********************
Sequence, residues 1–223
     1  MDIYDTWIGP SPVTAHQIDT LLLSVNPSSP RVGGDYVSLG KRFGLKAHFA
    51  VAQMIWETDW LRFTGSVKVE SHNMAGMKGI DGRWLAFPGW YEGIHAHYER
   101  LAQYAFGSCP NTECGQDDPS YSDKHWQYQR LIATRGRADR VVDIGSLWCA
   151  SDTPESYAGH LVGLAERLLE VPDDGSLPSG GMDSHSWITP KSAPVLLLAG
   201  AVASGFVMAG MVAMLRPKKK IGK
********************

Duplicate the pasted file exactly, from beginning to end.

Sequence, residues 1–223
     1  MDIYDTWIGP SPVTAHQIDT LLLSVNPSSP RVGGDYVSLG KRFGLKAHFA
    51  VAQMIWETDW LRFTGSVKVE SHNMAGMKGI DGRWLAFPGW YEGIHAHYER
   101  LAQYAFGSCP NTECGQDDPS YSDKHWQYQR LIATRGRADR VVDIGSLWCA
   151  SDTPESYAGH LVGLAERLLE VPDDGSLPSG GMDSHSWITP KSAPVLLLAG
   201  AVASGFVMAG MVAMLRPKKK IGK